“One of our most talented analyst was soft spoken in meetings and as a result was not heard. After mentoring, employee gained confidence and offered up ideas and suggestions in a clear and articulate manner”

Bias also makes social interactions in the workplace awkward:

“Most of my colleagues are men, and they seem to want to hang out together all the time. They huddle and laugh about stuff regularly, high-fiving, and hugging. Although they are very nice to me and laugh with me as well, they are much more guarded in conversation, avoiding one on one time in general.”

“Certain people (white) are left out of offsite lunches (Asian). they are not invited to join in.”

Bias can also cause managers to make decisions that impact individuals and the broader team:

“We let go an extremely talented analyst back in June of 2016 because of a perception that he was not focused enough on business value. My sense is that this was the perception of his manager because the manager had come from a business consulting background and the analyst had not. Also, I don't believe that the analyst had been given this feedback and given an opportunity to address it. I'm not sure if the fact that the analyst was raised in China had an impact on the manager's perception of him, but it might have.”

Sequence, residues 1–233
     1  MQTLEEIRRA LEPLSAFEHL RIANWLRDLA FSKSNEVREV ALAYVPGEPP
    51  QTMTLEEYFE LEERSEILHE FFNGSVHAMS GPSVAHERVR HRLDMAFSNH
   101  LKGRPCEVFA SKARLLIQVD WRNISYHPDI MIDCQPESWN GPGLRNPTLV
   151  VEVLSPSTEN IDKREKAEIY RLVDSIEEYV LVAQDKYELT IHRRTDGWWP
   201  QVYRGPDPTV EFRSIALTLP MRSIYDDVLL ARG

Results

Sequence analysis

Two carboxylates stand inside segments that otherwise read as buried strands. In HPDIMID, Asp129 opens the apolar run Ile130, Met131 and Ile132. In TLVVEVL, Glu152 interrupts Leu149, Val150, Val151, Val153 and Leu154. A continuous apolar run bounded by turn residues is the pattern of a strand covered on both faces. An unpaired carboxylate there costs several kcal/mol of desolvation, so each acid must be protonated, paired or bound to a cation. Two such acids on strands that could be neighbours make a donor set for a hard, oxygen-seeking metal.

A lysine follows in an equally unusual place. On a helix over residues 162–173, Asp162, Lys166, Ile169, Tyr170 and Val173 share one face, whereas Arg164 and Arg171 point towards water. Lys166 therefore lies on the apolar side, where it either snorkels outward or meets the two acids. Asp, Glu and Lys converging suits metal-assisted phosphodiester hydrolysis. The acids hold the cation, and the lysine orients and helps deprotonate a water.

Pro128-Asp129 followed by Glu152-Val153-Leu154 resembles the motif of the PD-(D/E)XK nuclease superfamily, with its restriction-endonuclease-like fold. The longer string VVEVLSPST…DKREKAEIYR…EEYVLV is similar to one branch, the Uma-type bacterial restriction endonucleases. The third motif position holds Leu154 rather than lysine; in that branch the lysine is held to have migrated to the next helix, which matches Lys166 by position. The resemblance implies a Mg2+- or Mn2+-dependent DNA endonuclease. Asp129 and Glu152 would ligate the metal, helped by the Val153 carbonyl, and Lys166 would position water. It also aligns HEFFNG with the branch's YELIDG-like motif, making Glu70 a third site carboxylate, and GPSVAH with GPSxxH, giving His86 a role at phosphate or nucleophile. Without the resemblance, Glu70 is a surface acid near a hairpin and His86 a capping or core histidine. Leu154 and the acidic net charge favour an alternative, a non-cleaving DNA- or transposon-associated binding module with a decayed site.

“My director, who is otherwise awesome at promoting diversity, only seems to ever ask a couple of my male counterparts out for drinks. This gives them face time with him that I don't get, and will probably impact my promotional opportunities.”

“A former boss routinely noticed and referred to Asian team members and candidates as such, and also seemed to perceive them differently, with a low level of trust. He also referred to past coworkers that were Asian that he didn't trust. The same boss also seemed uncomfortable with a gay member of the team. I get the sense that he was not aware of it.”

We see stories of bias in performance assessments, whether it be formal or informal feedback:

“In feedback I've seen some comments that seemed like they reflected gender-related bias - for example, I had a female employee who was described as "impatient". I was uncomfortable taking that at face value and felt that an impatient man would be described as appropriately challenging his team to step up and deliver. Ultimately I took the "impatience" as a positive attribute of my employee, but also gave her feedback that she sometimes shows her frustration more than she intends (which it turns out she had been told before).”

And stories that show how companies send signals about the “right” type of leader: